Tuesday, June 14, 2016

Draw What Conclusions You Will From Our Gun Death Rate

Posted By on Tue, Jun 14, 2016 at 12:00 PM

Another mass shooting, another chapter of our polarized arguments about guns and gun violence. Or maybe since the number of high profile killings is growing at an alarming rate, I should say, "another page turned" rather than "another chapter."

My advocacy for what I consider to be common sense gun regulation isn't going to change any minds. So here are some numbers from today's New York Times. Draw whatever conclusions you will.

The article has a telling graph comparing the number of gun homicides per day in the U.S. and other Western countries if each of them had the same population we do. Our rate is up at about 27 per day, after which there's a large empty space which continues until you get to 4 or 5 per day. That includes Greece, Canada, Ireland, Luxembourg, Portugal and Finland. Most other countries are in the 1 or 2 per day range.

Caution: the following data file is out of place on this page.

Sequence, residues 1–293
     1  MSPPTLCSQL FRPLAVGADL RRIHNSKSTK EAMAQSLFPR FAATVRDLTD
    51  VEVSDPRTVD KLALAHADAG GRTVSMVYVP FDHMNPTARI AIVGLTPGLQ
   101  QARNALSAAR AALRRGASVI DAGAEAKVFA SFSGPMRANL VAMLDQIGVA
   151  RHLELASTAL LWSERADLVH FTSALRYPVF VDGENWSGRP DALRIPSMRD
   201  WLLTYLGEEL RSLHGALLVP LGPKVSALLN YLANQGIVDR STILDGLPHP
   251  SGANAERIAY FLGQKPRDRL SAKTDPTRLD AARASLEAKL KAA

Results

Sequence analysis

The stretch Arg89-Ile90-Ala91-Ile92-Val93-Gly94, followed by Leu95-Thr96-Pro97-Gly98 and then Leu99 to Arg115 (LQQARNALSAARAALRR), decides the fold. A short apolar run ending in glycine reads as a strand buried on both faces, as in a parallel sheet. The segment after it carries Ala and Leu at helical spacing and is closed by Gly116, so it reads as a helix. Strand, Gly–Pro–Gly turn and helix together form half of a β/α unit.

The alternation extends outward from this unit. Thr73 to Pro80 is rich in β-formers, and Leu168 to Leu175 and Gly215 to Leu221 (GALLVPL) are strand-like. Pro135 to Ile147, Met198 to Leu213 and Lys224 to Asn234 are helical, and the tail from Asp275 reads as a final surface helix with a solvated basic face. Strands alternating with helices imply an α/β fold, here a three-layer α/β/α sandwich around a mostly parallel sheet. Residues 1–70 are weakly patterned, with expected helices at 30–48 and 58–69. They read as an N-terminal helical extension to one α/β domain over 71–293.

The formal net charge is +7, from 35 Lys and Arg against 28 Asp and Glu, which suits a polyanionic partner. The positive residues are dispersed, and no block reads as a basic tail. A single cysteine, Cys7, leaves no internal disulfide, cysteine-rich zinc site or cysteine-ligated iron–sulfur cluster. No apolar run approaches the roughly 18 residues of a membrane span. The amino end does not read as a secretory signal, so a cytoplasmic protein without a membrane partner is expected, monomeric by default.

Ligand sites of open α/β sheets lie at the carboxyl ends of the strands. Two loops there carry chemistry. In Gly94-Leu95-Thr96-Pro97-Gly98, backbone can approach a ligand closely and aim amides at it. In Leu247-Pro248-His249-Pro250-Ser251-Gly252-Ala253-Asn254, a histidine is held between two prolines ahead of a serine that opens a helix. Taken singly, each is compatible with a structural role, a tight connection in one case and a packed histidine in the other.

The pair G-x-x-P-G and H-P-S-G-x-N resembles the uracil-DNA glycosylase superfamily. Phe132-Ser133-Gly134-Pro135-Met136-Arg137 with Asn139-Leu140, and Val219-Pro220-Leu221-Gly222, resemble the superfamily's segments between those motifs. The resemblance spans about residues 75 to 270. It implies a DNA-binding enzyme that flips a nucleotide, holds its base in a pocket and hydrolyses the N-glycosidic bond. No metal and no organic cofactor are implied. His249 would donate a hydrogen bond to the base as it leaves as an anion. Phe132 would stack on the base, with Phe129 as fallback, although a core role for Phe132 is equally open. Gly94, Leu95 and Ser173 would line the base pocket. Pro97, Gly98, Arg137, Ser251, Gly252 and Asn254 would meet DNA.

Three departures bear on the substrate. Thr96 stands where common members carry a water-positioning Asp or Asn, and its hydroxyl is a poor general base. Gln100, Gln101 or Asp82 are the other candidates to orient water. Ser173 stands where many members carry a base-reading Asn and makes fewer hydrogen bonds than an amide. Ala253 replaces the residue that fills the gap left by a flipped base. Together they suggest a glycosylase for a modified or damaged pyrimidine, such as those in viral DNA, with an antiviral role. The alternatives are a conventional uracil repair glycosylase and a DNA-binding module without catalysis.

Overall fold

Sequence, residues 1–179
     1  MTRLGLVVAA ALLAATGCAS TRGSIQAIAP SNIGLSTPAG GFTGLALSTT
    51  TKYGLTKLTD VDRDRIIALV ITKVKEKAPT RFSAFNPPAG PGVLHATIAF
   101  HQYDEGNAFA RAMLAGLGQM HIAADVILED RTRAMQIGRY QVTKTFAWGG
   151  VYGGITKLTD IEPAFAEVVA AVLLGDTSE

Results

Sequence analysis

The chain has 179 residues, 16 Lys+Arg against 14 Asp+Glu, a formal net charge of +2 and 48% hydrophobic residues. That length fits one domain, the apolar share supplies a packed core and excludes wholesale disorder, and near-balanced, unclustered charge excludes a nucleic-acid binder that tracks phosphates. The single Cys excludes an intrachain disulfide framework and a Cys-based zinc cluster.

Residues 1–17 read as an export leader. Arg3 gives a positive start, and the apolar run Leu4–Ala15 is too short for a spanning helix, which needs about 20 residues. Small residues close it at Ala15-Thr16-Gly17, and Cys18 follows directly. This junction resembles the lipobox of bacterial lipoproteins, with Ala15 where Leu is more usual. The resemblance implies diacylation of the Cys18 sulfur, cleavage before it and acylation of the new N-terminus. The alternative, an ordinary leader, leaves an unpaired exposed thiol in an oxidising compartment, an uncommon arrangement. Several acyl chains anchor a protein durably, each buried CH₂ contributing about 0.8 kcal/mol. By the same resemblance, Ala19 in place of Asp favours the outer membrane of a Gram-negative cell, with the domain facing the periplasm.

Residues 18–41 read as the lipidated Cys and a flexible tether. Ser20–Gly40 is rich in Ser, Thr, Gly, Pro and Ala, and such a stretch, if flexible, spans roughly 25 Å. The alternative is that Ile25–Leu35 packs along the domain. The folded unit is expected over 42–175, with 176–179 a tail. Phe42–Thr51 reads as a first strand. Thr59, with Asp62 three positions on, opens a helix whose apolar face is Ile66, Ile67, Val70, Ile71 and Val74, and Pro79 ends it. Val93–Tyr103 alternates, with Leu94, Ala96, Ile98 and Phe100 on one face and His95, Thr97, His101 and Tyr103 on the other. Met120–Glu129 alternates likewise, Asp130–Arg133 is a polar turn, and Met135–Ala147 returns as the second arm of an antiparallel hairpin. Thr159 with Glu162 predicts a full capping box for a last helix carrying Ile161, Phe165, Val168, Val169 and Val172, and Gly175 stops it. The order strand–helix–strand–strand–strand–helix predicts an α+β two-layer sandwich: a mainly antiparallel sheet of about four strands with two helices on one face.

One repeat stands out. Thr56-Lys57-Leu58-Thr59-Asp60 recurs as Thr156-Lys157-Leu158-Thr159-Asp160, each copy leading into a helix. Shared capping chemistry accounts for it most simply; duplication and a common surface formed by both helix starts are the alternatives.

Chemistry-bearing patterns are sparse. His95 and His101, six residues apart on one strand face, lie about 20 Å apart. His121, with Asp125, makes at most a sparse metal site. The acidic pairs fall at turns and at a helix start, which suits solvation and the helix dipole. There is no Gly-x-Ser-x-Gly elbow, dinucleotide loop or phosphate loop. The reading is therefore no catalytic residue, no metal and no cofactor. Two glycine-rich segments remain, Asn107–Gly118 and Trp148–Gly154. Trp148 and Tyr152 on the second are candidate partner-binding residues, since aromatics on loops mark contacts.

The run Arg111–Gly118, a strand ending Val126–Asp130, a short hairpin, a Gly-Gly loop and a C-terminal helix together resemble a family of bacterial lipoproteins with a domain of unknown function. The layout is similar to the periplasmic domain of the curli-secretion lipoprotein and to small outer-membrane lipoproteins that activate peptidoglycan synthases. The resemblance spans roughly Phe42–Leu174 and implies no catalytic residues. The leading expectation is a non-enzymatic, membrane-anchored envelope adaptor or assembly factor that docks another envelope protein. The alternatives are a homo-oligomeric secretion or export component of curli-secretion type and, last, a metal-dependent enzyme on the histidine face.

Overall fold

[The] level of violence makes the United States an extreme outlier when measured against the experience of other advanced countries.

Around the world, those countries have substantially lower rates of deaths from gun homicide. In Germany, being murdered with a gun is as uncommon as being killed by a falling object in the United States. About two people out of every million are killed in a gun homicide. Gun homicides are just as rare in several other European countries, including the Netherlands and Austria. In the United States, two per million is roughly the death rate for hypothermia or plane crashes.

In Poland and England, only about one out of every million people die in gun homicides each year — about as often as an American dies in an agricultural accident or falling from a ladder. In Japan, where gun homicides are even rarer, the likelihood of dying this way is about the same as an American’s chance of being killed by lightning — roughly one in 10 million.
We can take cold comfort in the gun death rates in El Salvador and Mexico, which are considerably higher than ours. But Chile's rate is less than half what ours is, and Israel's is a quarter our rate.

We have a public health issue here, seeing as how dying, especially for preventable reasons, is not good for people's health, and like other public health issues, there are ways to work on improving the situation. But today I didn't come here to preach.

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